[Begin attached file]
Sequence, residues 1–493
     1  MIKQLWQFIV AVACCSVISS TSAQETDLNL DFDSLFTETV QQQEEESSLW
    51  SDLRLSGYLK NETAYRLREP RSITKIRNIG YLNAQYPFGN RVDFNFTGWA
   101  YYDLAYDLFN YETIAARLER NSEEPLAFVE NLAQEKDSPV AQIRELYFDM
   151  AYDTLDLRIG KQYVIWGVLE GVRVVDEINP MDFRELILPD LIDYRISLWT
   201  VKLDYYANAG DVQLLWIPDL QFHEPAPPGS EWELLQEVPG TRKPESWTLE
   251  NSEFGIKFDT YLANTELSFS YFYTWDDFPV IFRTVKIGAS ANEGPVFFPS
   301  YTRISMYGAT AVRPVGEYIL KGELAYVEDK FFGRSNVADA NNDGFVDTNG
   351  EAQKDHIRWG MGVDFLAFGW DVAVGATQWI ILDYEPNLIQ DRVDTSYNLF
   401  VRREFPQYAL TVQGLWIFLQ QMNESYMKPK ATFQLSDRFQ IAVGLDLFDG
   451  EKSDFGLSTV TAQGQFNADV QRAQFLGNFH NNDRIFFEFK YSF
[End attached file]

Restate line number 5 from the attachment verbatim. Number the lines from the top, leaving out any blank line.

   151  AYDTLDLRIG KQYVIWGVLE GVRVVDEINP MDFRELILPD LIDYRISLWT